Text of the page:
Markets, Consumer Confidence and Debt End 2016 at Record Highs

Number of the Week: 19,988

The 20,000 mark for the Dow Jones industrial average has eluded us in 2016, despite hitting this intraday high on December 20. Well, there’s always the New Year…and then onto Dow 30,000 by 2021?

When Being Passive Makes Perfect Sense

Investors have been pouring money into the stock market since the election—but not all types of investments are feeling the love. According to a new Morningstar report, investors pulled out of active U.S. stock funds—for the 32nd month in a row—to the tune of $21.2 billion. At the same time, we piled $41.9 billion into passive funds.

So, what? While there’s still more money overall in funds that are actively managed, investors have been moving money into passive funds in record numbers. Those funds typically track an index like the S&P 500 rather than attempting to beat its returns with active management.

Bottom line: The passive attraction makes perfect sense. Index funds tend to charge lower fees than actively managed funds because they’re easier to run and require less trading. During bull markets, they tend to post bigger wins because costs don’t eat into returns as much. That’s been especially true in recent years, as most active managers have failed to beat the indexes.

Debit or Credit?

According to a study from the Federal Reserve, most of us prefer to punch in our PINs (or insert the chip card). Americans made 69.5 billion debit payments compared to 33.8 billion credit transactions in 2015. But the value of of those credit card payments still greatly outweighs debit charges at $3.2 trillion versus $2.6 trillion.

So, what? Reaching for debit over credit might be a smarter move for many of us. Debit cards draw cash directly from our checking accounts while credit cards are just an easy way to borrow from banks. So using debit more frequently means avoiding increasingly expensive interest charges. (Of course, paying off our bills in full each month does that, too.)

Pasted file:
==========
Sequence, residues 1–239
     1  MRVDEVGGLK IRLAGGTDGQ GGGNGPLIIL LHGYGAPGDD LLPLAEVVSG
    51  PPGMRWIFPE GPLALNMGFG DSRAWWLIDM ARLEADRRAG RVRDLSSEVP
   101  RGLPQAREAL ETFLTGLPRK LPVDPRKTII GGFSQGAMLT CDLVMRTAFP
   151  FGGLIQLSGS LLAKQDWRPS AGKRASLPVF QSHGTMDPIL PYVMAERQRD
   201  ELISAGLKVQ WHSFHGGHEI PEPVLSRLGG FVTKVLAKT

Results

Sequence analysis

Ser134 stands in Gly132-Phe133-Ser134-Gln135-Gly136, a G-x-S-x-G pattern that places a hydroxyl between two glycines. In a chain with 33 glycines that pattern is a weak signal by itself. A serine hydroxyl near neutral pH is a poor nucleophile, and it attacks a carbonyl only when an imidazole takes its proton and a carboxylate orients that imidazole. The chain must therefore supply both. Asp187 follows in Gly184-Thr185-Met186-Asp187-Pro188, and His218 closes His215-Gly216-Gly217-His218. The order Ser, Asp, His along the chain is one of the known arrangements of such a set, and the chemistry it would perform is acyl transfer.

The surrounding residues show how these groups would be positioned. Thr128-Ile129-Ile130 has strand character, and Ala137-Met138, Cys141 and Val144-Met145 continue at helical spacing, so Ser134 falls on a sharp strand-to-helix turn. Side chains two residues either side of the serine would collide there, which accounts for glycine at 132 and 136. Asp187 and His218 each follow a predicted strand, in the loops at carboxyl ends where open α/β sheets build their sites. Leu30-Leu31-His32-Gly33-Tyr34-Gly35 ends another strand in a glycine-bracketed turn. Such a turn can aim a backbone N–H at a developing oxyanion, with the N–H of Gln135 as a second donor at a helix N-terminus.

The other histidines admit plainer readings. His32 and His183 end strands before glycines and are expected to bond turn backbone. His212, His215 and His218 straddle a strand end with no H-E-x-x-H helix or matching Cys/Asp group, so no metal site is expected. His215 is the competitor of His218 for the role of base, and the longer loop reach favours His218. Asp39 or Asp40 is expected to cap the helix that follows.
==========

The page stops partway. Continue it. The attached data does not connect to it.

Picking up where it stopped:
Bottom line: We still have a ways to go to improve our debt situation. The Federal Reserve Bank of New York says U.S. households carried $747 billion worth of credit card debt at the end of 2016’s third quarter—up $33 billion from the year before.

If you’re working off a debt hangover from this past holiday season, tap into January’s motivational vibes and kick off the new year with a solid repayment plan.

Happy New Year

We’re expecting a very happy New Year, indeed. The Conference Board’s Consumer Confidence Index—a measurement of how we’re feeling about the economy—hit its highest level in more than 15 years in December. While confidence in our present situation (a.k.a. the Present Situation Index) dropped a little from 132 in November to 126.1, our hope for the future (the Expectations Index) increased dramatically from 94.4 to 105.5.

So, what? Combined with other positive statistics, it indicates we’re poised to start 2017 off on the right foot, economically speaking. And our next president is inheriting a pretty good situation…that he’s thanked himself for.

Bottom line: The year 2016 has gotten a bad rap, what with its political surprises and a long, long list of shocking celebrity deaths: Prince, David Bowie, Muhammad Ali, George Michael, Carrie Fisher and Debbie Reynolds… Please. Just. Stop. But financially speaking, it’s ending on a high note and heralding a positive start for 2017. Now let’s all promise to keep an eye on Betty White.

acorns+cnbcacorns cnbc

Join Acorns


About Us

Learn More

Follow Us

All investments involve risk, including loss of principal. The contents presented herein are provided for general investment education and informational purposes only and do not constitute an offer to sell or a solicitation to buy any specific securities or engage in any particular investment strategy. Acorns is not engaged in rendering any tax, legal, or accounting advice. Please consult with a qualified professional for this type of advice.

Any references to past performance, regarding financial markets or otherwise, do not indicate or guarantee future results. Forward-looking statements, including without limitations investment outcomes and projections, are hypothetical and educational in nature. The results of any hypothetical projections can and may differ from actual investment results had the strategies been deployed in actual securities accounts. It is not possible to invest directly in an index.

Advisory services offered by Acorns Advisers, LLC (“Acorns Advisers”), an investment adviser registered with the U.S. Securities and Exchange Commission (“SEC”). Brokerage and custody services are provided to clients of Acorns Advisers by Acorns Securities, LLC (“Acorns Securities”), a broker-dealer registered with the SEC and a member of the Financial Industry Regulatory Authority, Inc. (“FINRA”) and the Securities Investor Protection Corporation (“SIPC”). Acorns Pay, LLC (“Acorns Pay”) manages Acorns’s demand deposit and other banking products in partnership with Lincoln Savings Bank, a bank chartered under the laws of Iowa and member FDIC. Acorns Advisers, Acorns Securities, and Acorns Pay are subsidiaries of Acorns Grow Incorporated (collectively “Acorns”). “Acorns,” the Acorns logo and “Invest the Change” are registered trademarks of Acorns Grow Incorporated. Copyright © 2019 Acorns and/or its affiliates.

NBCUniversal and Comcast Ventures are investors in Acorns Grow Incorporated.